In “Techa”, we hear the voice of a Russian young woman probably explaining the effects of water contamination – her voice fades into a background of surprisingly musical, even melodic reverberations, to take us to the next village, “Metlino”, where another woman also narrates. “Ozersk” is the biggest city near the Majak plant, and is represented in the album with a 9-minute track that is among the most interesting in the release. Cold, spacious, deep ambient devoid of hope, filled with disease and despair, bearing the frustrating scent of slow, uneventful death. The album ends in the most contaminated spot on the planet, namely lake Karachay. Beneath the consistent lack of fluctuation we can sense here a little je-ne-sais-quoi, a glimmer of hope perhaps? A vaguely melodic, almost meditational drone coursing through the ice-cold veins of this cemented creature. A wish for a different, a better future? An acceptance of one’s fate, of the universal will?

The desolate, barren landscapes and grievous circumstances that lie under the surface of a deceptive picturesqueness are reflected in the sterile, minimalistic nature of the music in “Majak”. The whole album is like an aural documentary, completely focused on its topic and never straying for a moment from its final goal – to transfer us to the Chelyabinsk region, where we can stand on the coast of lake Karachay and feel the radiation permeating our cells, slowly burning our skin, corroding our internal organs. To marvel at death and beauty walking hand in hand. And perhaps ponder a while amidst the silence, on the meaning of life in a more urgent manner than philosophical existentialism.

Color me impressed – Cryo Chamber has really hit the mark with this one. Not to be missed, and for me one of the best releases in 2013 so far. Hopefully a physical release will see the light of day sometime in the near future.

Neizvestija – Majak
Digital Release, 2013
Cryo Chamber

 

Dark Matter ‎– How Cold Is The Sun

R-4722637-1373408476-7065

[reviewed by / autorka recenzji: VITRIOL || ENG]

Dark Matter is the project of German artist Ann Jachec that, as far as I know, hasn’t released anything else in the past. “How Cold Is The Sun” is admittedly a memorable entrance in the genre, a mixture of bleak horror ambient and nightmarish soundscapes of an intensely personal, introverted character. The cover artwork is a distorted, emaciated female figure with only partly human characteristics, cradling herself in an attempt perhaps to quell the loneliness, an icy film already starting to dissolve her features into something abstract, not clearly defined. Giving us a pretty good idea of the existential pain, the agony and inner turmoil of a soul lost in its search for identity, fractured in its effort for self-definition in a voracious, ruthless external environment. Great work by the artist, and a warning to the listener that this won’t be a comfortable ride – within the atmospheres and structures our imagination produces, we won’t find the usual comfort of escape from reality. This time, we will be faced with an aspect of ourself that perhaps we wished to pretend didn’t exist – that we rush to sweep under the rug.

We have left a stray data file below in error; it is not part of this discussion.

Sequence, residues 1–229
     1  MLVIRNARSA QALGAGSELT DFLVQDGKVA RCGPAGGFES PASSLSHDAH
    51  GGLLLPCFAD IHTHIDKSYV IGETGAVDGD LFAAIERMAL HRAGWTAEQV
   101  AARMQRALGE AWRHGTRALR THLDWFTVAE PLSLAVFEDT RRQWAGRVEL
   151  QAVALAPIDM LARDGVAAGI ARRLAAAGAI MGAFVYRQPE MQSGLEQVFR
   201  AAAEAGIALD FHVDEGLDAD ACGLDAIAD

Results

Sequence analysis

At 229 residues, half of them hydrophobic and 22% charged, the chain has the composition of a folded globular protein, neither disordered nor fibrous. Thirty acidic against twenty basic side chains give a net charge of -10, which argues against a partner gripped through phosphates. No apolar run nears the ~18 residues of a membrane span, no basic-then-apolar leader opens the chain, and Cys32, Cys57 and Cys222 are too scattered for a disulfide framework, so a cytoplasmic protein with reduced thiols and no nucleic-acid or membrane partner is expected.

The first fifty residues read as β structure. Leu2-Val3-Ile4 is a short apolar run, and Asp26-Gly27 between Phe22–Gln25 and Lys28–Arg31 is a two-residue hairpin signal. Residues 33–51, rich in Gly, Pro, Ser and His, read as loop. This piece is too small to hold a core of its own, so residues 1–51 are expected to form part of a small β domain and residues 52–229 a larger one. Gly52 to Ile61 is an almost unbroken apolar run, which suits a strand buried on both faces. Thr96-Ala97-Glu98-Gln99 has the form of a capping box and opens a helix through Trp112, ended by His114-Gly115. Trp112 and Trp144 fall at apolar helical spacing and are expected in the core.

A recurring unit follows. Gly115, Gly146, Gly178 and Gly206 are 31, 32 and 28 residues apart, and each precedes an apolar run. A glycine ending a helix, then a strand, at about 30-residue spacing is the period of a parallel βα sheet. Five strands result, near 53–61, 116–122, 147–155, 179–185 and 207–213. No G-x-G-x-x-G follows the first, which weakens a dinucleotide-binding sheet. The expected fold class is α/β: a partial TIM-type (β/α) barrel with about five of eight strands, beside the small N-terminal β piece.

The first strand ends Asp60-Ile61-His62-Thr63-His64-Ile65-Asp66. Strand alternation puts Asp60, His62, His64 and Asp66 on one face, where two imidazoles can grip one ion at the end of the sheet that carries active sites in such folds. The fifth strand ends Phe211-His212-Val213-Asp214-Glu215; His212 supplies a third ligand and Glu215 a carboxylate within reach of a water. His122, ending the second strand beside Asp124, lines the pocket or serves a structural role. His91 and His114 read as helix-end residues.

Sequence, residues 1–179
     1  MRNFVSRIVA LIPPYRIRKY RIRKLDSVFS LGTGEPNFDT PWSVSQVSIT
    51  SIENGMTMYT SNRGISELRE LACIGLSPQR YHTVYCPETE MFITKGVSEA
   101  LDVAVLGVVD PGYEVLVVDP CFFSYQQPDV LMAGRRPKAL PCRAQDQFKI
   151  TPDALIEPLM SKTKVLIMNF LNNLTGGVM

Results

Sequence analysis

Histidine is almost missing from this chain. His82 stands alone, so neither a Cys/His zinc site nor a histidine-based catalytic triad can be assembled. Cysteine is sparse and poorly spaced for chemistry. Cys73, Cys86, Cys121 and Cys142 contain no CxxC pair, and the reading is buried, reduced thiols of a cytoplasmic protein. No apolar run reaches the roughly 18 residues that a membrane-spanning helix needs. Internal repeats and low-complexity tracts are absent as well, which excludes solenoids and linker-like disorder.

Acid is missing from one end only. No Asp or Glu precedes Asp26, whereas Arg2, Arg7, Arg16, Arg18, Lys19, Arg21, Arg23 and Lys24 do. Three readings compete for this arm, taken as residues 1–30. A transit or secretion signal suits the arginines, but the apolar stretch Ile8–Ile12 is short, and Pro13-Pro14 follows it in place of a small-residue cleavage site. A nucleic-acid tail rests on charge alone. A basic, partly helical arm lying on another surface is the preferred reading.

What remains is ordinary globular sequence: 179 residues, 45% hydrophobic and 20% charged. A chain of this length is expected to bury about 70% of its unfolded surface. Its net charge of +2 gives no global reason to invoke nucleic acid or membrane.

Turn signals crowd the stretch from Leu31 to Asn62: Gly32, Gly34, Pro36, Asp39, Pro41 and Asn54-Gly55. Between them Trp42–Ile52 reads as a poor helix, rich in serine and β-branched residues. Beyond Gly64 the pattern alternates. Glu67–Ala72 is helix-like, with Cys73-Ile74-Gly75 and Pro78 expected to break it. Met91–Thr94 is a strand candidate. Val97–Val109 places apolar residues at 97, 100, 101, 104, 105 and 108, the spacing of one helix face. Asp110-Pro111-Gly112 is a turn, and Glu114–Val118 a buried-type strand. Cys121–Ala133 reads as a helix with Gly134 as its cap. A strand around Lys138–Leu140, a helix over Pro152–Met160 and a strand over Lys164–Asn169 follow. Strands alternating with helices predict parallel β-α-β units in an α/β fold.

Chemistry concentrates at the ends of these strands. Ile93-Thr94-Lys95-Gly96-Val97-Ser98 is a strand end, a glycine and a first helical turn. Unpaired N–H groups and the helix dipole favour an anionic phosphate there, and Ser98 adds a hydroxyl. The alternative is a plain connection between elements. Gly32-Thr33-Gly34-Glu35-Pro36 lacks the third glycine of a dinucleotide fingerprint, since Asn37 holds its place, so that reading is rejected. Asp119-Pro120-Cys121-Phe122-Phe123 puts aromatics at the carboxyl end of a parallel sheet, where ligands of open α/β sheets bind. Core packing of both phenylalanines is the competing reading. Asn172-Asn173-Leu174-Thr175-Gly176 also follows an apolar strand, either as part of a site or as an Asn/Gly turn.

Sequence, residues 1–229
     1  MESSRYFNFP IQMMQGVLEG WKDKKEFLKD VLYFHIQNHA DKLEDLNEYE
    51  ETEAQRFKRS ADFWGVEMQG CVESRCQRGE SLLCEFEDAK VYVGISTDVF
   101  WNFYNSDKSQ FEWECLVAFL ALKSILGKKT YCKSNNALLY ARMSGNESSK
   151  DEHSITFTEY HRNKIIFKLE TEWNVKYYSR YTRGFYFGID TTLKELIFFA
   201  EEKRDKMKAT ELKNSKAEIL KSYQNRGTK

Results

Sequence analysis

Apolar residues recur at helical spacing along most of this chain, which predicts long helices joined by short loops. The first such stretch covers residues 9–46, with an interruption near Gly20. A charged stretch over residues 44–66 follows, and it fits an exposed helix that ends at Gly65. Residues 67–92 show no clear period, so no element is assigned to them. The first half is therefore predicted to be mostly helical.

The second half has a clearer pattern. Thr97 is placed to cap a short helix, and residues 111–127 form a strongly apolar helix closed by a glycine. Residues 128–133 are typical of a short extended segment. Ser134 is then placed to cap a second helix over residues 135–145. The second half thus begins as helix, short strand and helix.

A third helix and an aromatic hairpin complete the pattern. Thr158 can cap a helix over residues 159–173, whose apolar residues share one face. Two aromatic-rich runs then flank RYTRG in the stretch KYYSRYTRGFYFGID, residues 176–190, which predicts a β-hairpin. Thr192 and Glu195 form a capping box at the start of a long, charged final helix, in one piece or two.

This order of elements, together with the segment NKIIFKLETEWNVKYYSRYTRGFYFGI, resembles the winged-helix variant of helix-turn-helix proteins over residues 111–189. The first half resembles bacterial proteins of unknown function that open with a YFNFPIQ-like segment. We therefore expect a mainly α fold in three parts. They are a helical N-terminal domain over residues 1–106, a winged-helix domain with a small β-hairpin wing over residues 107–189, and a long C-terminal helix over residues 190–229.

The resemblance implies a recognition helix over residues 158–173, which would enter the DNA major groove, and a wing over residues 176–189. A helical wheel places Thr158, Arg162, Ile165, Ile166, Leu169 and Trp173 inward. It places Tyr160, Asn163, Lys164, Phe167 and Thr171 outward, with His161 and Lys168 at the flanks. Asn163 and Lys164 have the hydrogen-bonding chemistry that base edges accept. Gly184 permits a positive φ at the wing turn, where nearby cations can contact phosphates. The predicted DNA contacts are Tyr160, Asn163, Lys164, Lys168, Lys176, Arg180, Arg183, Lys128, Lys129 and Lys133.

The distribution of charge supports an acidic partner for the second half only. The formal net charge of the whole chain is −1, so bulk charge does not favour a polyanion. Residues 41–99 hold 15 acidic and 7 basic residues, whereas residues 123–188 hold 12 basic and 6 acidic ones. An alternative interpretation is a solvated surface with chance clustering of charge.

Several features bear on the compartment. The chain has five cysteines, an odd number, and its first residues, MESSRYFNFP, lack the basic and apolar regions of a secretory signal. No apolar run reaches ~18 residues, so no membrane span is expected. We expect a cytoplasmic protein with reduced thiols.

The first positive impression comes with the opening track, “Be Yourself For Me”, with its little scary creature voices creeping under the floorboards, its hollow metallic clangs and the delightfully frightening sense of something approaching, something not quite alive. In this frozen, empty, hostile habitat shadows move slowly through semi-lighted spaces. The track ends in a melancholic note, and I can’t help but admire the artist’s skill in creating a complete horror ambient atmosphere – a somewhat rare treat that I always appreciate when done well. In “Creature Called Human” monotonous droning and organic sounds are mixed with all kinds of eerie, discordant vocal samples, like dozens of ghosts awakened at once, dozens of personalities screaming to be let out – the parts that make the “Creature Called Human”… Spine-chilling and eloquent.

In “Something Like Home” the musical diversity of the recording really begins to shine through, as the first half of the track is dominated by a choral of female voices, and in the second part a rhythmic melody that starts out in the background ends up being the main element. And then the real surprise comes with “Reality Is Just An Illusion” that is basically an ambient neoclassical track – and a very good one at that. Operatic female chorals, ethereal synths and expressive strings lead to an anti-climax of hypnotic ambience, as if the allure of the illusion was something emitted from afar, the dream now quietly fading from memory.

“Of Fractured Light And Void”, my personal favourite, maintains a perfect balance between dark ambient and neoclassical. A feeling of total gloom and mournfulness and a deeply poetic melancholy peer through a sombre string sequence, accompanied by just the minimal of drones. A track that induces regression to an embryonic state of mind, a yearning for that special place within our psyche where we can hide and be one with our nightmares. “Psychomachine” closes the album on a much noisier tone with metallic clangs, heavy percussions, screeching drones and various other sound elements uniting in rhythmic dissonance.

Making a strong statement with its confident passage through varied stages of dark ambient, “How Cold Is The Sun” is essentially a horror ambient/ neoclassical album. Its vision is so complete and well-executed, both technically and in terms of inspiration, that one would think it was made by an experienced musician with years of discography on their back, than by a new artist. Moreover, it resembles all good horror art in the fact that it is open for double interpretation – you can choose to enjoy it without thinking too much of the layers of meaning lying beneath the surface. Or you can choose to engage its potent symbolism. The experience will remain a compelling one either way.

Dark Matter ‎– How Cold Is The Sun
Digital Release, 2013
Cryo Chamber